The three main levels along which organizations execute their transformation programs include portfolio, program and project management. These three levels have distinctly different objectives but should work coherently to deliver transformations effectively. While project management is focused on delivering a tangible outcome, portfolio management is focused on the decision-making process around which programs and projects should be executed based on their alignment with the goals and objectives of the organization. Program management is the intermediate layer that is focused on the delivery of business benefits.

While organizations may be able to deliver projects on time and within budget, the value delivered from those projects may not be optimized or fully aligned with the organization’s strategy. In times when investment resources and staffing mix are limited, organizations are keen to overcome such potential value and benefit leakages by:

  • Maximizing the value of the portfolio in terms of business objectives (e.g., long-term profitability, EVA, return on investment, likelihood of success or other strategic objectives)
  • Optimizing the value through prioritized allocation of limited resources, reliable views of resource demand and capacity metrics, and improved FTE productivity

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To foster competitive advantage, organizations must simultaneously optimize both how they run the business and how they change the business—the latter typically through the development and implementation of new strategic initiatives. Optimizing for excellence in both running and changing the business, however, is easier said than done. The day-to-day challenges that business leaders face in meeting run-the-business targets while managing an abundance of operational issues are enormous. Furthermore, delivering on bold, change-the-business initiatives is a significant challenge facing many organizations. Overcoming this obstacle, however, is becoming a competitive necessity. Correctly positioned, supported and equipped, the EPMO can play an important role in helping an organization meet this challenge.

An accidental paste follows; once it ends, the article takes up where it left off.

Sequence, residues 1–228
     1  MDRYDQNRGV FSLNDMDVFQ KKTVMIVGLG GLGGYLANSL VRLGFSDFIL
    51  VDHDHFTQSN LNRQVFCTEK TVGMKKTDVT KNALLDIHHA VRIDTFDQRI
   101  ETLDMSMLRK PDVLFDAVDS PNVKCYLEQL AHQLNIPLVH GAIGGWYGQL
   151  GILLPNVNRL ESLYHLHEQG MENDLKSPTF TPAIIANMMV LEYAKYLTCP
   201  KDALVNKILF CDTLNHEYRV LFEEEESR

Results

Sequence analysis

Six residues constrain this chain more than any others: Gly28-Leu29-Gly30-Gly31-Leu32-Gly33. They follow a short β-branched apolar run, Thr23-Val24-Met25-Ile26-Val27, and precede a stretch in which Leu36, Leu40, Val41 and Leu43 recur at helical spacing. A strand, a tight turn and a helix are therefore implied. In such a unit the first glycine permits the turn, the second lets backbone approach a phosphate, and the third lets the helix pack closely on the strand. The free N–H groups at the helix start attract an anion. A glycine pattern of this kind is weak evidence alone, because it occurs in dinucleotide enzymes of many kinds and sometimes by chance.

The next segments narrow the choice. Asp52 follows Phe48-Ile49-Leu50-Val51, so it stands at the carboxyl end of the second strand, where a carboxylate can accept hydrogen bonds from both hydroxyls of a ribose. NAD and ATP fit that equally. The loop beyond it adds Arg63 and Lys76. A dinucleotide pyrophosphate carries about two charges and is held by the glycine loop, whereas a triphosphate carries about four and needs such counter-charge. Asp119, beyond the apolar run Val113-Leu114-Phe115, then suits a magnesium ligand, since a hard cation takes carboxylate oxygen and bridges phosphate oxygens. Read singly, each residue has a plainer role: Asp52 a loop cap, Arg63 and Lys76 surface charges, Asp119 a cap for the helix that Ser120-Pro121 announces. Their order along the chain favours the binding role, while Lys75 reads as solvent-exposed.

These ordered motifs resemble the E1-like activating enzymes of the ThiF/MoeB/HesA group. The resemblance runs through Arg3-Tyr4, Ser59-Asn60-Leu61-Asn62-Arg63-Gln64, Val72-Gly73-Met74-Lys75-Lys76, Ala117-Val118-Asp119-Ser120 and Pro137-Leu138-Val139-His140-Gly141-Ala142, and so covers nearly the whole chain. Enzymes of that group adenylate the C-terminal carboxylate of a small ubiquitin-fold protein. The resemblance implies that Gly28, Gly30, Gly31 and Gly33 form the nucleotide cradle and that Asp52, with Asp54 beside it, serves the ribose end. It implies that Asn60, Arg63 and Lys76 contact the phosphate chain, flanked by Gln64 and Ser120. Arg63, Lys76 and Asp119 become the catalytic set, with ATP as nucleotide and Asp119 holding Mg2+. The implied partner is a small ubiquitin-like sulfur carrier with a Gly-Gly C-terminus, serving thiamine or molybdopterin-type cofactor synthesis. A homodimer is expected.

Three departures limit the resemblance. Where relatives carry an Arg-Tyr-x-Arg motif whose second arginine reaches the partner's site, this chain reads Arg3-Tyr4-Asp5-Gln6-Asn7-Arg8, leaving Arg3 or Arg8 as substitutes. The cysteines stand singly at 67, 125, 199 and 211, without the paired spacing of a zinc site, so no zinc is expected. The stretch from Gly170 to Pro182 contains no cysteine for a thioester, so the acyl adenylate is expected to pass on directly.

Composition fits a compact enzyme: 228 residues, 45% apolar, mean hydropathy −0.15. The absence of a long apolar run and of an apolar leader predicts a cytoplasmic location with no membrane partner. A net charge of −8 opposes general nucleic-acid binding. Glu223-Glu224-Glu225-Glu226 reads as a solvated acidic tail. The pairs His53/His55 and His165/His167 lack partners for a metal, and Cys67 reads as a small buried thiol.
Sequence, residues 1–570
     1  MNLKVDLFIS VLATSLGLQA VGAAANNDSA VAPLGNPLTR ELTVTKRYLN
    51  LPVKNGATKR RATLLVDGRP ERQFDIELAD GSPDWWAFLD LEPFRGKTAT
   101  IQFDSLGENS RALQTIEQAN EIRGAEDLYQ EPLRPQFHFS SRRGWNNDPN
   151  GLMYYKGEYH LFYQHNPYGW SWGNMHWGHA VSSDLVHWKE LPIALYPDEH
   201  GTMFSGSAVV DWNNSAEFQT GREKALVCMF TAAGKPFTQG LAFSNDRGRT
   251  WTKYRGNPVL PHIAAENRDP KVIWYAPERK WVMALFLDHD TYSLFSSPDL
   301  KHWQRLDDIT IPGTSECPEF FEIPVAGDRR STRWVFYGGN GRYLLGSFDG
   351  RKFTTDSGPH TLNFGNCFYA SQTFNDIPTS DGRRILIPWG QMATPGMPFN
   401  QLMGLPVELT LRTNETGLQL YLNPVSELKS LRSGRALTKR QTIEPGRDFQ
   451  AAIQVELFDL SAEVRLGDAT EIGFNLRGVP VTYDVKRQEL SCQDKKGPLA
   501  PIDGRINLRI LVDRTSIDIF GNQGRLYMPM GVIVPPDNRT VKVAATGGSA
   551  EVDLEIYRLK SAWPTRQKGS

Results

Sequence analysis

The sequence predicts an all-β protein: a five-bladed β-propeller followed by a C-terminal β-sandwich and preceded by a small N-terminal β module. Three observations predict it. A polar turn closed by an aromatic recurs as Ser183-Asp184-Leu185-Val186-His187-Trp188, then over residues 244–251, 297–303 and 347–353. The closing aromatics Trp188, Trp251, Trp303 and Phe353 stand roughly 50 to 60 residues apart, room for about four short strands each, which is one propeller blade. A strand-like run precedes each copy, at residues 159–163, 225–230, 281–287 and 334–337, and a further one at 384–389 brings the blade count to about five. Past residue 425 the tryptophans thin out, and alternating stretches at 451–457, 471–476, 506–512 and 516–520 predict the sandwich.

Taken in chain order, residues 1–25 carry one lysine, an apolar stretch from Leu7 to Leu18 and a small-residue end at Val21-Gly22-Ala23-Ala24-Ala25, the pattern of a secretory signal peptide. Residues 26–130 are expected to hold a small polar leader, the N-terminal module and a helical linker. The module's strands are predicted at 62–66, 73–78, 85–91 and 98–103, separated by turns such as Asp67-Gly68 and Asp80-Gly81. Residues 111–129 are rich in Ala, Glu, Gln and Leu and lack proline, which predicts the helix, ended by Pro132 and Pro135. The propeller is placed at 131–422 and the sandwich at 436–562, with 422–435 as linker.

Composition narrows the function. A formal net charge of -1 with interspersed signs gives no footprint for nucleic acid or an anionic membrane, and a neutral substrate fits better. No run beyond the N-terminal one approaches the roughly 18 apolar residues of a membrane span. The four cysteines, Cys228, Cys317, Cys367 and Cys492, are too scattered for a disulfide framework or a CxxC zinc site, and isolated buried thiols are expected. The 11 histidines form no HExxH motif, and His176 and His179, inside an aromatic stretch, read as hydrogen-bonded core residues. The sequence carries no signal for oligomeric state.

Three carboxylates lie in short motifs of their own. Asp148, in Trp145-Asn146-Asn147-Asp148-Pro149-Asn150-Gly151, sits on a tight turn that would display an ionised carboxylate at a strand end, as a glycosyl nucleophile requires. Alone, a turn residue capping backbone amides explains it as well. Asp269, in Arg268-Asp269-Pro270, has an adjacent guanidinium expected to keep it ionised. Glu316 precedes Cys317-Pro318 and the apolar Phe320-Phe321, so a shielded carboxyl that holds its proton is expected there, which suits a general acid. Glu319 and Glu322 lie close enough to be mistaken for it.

The Economist Intelligence Unit conducted a survey of nearly 600 C-suite and senior executives in which 88% of respondents said that executing strategic initiatives successfully will be “essential” or “very important” in ensuring that their companies remain competitive over the next three years. The central issue comes down to the way the information regarding these strategic initiatives gets structured and communicated to the C-suite and extended leadership team, as well as how senior leaders engage with that information.


Companies that succeed in implementing strategic efforts focus on several capabilities, behaviors and processes that are needed at the Enterprise PMO level to facilitate senior engagement and improve the implementation of strategic initiatives. Specifically, the following three capabilities stand out to collectively structure the right information and improve the implementation success overall:

  • Focus on Critical Initiatives. Provide senior leaders with operational insight through meaningful milestones and objectives for critical strategic initiatives. Such focus promotes transparency and course correction around emerging issues.
  • Foster Talent and Capabilities. Develop and nurture the right technical, strategic, business-management and leadership skills and capabilities within the organization.
  • Build the Case for Change. Actively build organization-wide support for strategic initiative implementation and change management as a competitive differentiator.
Focus on Critical Initiatives